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Journal of Plant Diseases and Protection

, Volume 126, Issue 4, pp 319–327 | Cite as

Culture conditions influence conidial production by the barley pathogen Ramularia collo-cygni

  • Hind SghyerEmail author
  • Michael HessEmail author
Original Article
  • 53 Downloads

Abstract

The fungus Ramularia collo-cygni is the causal agent of the Ramularia leaf spot (RLS) disease of barley (Hordeum vulgare). Despite having been described over 100 years ago, our knowledge of the life cycle and epidemic development of R. collo-cygni is limited. To learn more about its epidemiology, inoculation techniques are among the major research needs since standardised inoculation procedures must be available to mimic natural infection of the pathogen under controlled conditions. The present study was conducted to obtain an insight into various factors affecting the growth and sporulation of R. collo-cygni in axenic culture. The fungus was cultured on four different media and subjected to two light regimens to determine conditions favourable for its growth and sporulation. We showed that conidial production can be enhanced by growing R. collo-cygni on barley straw agar, a medium that mimics the plant host, under white light, or on quarter-strength potato dextrose agar supplemented with V8 juice agar under ultraviolet-C light, depending on the fungal isolate. To verify the infection potential of the spores produced in axenic culture, an inoculation trial was performed. R. collo-cygni spore-inoculated barley plants accumulated fungal biomass, demonstrating successful infection.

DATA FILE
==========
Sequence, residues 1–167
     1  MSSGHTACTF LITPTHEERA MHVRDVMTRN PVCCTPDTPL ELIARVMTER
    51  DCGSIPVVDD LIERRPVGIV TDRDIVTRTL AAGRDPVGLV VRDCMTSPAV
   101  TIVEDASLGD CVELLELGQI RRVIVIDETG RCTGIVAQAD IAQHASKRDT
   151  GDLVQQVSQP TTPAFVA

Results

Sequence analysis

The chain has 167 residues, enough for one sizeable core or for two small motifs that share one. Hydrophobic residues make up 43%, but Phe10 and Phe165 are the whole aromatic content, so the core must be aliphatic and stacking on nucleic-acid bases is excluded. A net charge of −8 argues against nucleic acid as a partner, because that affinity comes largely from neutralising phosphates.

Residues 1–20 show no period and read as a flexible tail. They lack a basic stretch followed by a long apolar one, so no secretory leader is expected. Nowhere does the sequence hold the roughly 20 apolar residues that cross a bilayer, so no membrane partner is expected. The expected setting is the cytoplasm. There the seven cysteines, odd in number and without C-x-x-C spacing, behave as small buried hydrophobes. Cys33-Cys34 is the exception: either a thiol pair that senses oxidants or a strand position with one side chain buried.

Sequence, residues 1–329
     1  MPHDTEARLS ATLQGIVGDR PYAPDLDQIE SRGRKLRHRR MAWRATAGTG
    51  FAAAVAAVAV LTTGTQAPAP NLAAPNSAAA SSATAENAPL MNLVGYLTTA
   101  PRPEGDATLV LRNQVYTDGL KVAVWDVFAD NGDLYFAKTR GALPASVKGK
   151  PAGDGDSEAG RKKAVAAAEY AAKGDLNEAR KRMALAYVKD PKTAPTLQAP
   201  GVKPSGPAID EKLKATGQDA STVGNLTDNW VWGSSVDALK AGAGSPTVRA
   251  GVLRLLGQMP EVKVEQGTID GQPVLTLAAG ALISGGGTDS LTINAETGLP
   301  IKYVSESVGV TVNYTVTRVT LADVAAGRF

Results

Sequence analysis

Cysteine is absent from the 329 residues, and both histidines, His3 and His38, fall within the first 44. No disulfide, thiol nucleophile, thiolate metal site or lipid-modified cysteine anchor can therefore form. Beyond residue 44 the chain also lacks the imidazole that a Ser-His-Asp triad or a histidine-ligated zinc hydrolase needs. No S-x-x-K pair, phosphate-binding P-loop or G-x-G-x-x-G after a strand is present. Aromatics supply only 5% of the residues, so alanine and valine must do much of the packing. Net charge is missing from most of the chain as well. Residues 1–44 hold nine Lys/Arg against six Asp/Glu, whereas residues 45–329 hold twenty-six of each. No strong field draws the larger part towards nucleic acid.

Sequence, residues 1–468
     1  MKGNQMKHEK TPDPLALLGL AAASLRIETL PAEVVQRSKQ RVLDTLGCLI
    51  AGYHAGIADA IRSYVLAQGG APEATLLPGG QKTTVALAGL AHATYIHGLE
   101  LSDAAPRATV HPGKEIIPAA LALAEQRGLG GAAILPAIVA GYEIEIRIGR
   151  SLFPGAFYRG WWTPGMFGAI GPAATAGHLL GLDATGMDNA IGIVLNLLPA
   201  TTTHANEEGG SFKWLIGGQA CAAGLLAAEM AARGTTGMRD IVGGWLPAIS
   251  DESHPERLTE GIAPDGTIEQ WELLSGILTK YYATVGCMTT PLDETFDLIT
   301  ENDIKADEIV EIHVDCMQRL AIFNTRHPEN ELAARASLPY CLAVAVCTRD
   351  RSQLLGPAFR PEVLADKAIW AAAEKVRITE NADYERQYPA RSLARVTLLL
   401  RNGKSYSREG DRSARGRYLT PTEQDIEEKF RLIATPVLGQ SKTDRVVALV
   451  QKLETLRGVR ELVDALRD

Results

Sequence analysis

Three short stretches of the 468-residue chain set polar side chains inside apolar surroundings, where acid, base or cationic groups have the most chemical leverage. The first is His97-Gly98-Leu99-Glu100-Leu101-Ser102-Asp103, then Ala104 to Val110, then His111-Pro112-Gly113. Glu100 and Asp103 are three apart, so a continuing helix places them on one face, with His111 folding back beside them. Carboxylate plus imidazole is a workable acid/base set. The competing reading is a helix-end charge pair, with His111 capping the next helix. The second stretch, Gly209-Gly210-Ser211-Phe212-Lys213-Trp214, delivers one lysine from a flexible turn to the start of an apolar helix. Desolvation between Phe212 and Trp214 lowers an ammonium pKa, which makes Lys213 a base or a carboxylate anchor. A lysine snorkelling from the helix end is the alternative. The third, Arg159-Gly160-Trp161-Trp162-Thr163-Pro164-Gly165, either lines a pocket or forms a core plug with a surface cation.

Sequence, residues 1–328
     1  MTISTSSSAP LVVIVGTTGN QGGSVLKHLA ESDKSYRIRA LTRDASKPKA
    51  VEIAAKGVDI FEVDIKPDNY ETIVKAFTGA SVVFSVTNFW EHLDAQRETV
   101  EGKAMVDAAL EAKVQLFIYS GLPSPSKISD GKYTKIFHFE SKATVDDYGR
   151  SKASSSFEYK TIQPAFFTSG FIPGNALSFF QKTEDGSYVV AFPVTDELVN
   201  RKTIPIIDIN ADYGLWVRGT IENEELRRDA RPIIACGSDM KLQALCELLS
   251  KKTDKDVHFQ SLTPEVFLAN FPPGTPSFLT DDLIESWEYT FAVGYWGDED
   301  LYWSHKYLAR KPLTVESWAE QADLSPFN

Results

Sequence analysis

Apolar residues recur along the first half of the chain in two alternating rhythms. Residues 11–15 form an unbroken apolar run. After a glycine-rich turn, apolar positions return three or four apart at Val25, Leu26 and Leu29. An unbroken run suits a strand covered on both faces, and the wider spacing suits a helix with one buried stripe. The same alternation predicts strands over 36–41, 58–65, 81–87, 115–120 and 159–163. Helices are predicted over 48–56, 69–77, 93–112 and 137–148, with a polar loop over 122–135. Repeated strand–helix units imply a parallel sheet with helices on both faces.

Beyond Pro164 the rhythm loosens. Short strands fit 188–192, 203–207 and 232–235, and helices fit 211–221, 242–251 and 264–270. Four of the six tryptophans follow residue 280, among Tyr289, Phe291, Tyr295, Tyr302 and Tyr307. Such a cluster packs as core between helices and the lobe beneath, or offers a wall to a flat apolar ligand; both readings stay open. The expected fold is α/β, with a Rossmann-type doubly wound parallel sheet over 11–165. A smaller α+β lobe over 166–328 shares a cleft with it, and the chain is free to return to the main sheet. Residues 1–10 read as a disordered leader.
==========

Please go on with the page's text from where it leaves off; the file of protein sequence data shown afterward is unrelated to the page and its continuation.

Keywords

Ramularia collo-cygni Airborne inoculum Sporulation Spore production Artificial inoculation 

Notes

Acknowledgments

We thank Carolin Hutter and Regina Dittebrand for their technical assistance. Special thanks goes to Prof. Dr. Ralph Hückelhoven for his critical reading of the manuscript, and to the Bavarian State Ministry of Food, Agriculture and Forestry for financial support (Project KL/12/07 and KL/08/07). We also thank Stephan Weigand from the Bavarian State Research Center for Agriculture for his fruitful discussion.

Author contributions

HS and MH conceived the experiments. HS conducted the experiments and analysed the results. All authors reviewed the manuscript.

Compliance with ethical standards

Conflict of interest

The authors declare that they have no conflict of interest.

Ethical statement

This article does not contain any studies with human or animal subjects.

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Copyright information

© Deutsche Phytomedizinische Gesellschaft 2019

Authors and Affiliations

  1. 1.Phytopathology, TUM School of Life Sciences WeihenstephanTechnische Universität MünchenFreisingGermany

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